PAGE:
Apocryphon


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A·poc·ry·phon

 (ə-pŏk′rə-fən)
n.
Singular of Apocrypha.

[Greek apokruphon, neuter singular of apokruphos, hidden, unknown; see Apocrypha.]

apocryphon

(əˈpɒkrɪˌfɒn)
n, pl -pha (-fə)
something that is regarded as probably untrue
References in periodicals archive ?
The Genesis Apocryphon displays relationships with other Second Temple Literature, most prominently with 1 Enoch and Jubilees, which, according to Bernstein, assist in establishing a temporal sequence of the texts.
Examples of the latter include "The Qumran Manuscripts: Contents and Significance"; "The Vocabulary of the Qumran Sectarian Texts"; "Sectarian and Nonsectarian Texts from Qumran: The Pertinence and Use of a Taxonomy"; "Between Sectarian and Nonsectarian: The Case of the Apocryphon of Joshua"; "Between Qumran Sectarian and Qumran Nonsectarian Texts: The Case of Belial and Mastema"; and "Apocrypha and Pseudepigrapha at Qumran.
Michiela, The Dead Sea Genesis Apocryphon (Leiden: Brill, 2009) pp.
Pseudo-Cyril of Jerusalem on the life and the passion of Christ; a Coptic apocryphon.
Its title comes from the Apocryphon of John, a second century Gnostic gospel, where the "luminous Epinoia" is a heterodox version of Eve, a physical extension of Adam and a helper who will restore to him the full, creative vision of religious experience.
The book also contributes to scholarship on the particular early Christian texts that are at the heart of this work: namely, Hebrews, the Epistle to Diognetus, the Shepherd of Hermas, and the Apocryphon of James.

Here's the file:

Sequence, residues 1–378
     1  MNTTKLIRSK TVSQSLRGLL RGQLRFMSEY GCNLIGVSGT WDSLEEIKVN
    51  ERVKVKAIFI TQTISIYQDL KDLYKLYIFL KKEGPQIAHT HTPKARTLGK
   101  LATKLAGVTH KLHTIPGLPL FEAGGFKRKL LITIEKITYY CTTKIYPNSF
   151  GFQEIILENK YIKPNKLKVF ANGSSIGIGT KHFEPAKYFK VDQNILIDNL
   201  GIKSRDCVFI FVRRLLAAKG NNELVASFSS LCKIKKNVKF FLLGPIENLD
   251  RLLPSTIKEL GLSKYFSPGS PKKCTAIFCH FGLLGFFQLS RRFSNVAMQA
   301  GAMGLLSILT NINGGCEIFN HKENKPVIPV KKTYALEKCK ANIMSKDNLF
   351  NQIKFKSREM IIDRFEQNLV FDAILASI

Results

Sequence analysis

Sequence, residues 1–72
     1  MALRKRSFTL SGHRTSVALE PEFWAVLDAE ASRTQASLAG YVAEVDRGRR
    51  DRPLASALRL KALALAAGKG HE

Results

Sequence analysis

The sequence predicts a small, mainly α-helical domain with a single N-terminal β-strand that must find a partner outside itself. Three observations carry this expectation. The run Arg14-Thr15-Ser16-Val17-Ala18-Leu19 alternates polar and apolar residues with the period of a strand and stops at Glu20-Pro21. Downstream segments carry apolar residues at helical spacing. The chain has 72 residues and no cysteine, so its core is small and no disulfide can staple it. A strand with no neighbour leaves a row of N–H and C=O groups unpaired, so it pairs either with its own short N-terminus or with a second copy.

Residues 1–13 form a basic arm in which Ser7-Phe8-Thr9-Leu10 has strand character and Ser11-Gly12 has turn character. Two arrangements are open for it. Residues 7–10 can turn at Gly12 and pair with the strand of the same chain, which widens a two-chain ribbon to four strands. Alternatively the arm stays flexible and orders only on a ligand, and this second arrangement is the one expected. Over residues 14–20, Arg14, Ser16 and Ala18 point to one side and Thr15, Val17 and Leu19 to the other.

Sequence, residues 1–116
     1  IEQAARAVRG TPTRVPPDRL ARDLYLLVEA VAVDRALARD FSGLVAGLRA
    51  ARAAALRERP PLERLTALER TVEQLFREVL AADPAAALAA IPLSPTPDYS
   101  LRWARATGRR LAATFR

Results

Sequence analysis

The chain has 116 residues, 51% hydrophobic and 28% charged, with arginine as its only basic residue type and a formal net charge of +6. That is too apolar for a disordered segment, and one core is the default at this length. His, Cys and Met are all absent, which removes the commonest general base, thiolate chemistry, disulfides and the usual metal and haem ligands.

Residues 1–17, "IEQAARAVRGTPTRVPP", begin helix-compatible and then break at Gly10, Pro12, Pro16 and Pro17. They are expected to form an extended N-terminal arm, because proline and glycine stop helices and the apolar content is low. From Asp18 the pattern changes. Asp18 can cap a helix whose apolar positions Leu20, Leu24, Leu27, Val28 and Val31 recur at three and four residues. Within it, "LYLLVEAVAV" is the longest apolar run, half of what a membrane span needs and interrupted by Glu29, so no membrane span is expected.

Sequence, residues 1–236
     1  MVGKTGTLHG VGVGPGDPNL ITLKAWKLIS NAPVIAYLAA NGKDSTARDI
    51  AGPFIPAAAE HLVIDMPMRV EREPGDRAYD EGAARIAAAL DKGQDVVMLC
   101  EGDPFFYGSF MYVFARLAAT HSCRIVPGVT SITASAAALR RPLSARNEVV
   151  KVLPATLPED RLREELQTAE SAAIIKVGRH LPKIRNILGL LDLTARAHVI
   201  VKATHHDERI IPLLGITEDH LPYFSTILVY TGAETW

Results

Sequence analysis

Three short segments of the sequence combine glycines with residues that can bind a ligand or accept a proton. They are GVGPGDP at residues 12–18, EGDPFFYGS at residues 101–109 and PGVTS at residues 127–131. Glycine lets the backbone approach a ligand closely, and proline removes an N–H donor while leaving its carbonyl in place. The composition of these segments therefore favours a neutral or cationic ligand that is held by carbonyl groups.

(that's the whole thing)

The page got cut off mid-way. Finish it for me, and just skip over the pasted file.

Also influenced by Enochic traditions at Qumran: the Genesis Apocryphon, 1Q19, 4Q180-181, 4Q247, the Damascus Document (see CD 2:16-20), Aramaic Levi, 1QH 12:29-40.
61) On the Aramaic (and Hebrew) substrata to the Apocryphon of
In addition to the four biblical gospels and "Book of Revelations", this ancient sources include Christian Gnostic writings and New Testament Apocrypha ranging from "The Book of Thomas", to "The Gospel of Mary", to "The Apocryphon of James", to "The Sophia of Jesus Christ", to "The Acts of John", to the "Epistle of Titus", to "The Apocalypse of Peter".
Serendipitously, a small Dead Sea Scroll fragment from the Genesis Apocryphon was at the Getty Conservation Institute for study as to why it was deteriorating so rapidly.
In the Apocryphon of John, it is written that "This is the first thought, his image; she became the womb of everything for it is she who is prior to them all, the Mother-Father, the first man, the Holy Spirit, the thrice male, the thrice powerful, the thrice-named androgynous one.
Needless to say, particular attention will be paid throughout to the exact significance that the different editors attributed to the term apocryphon (to Fabricius it became a value judgment, but this was not necessarily the case for his predecessors).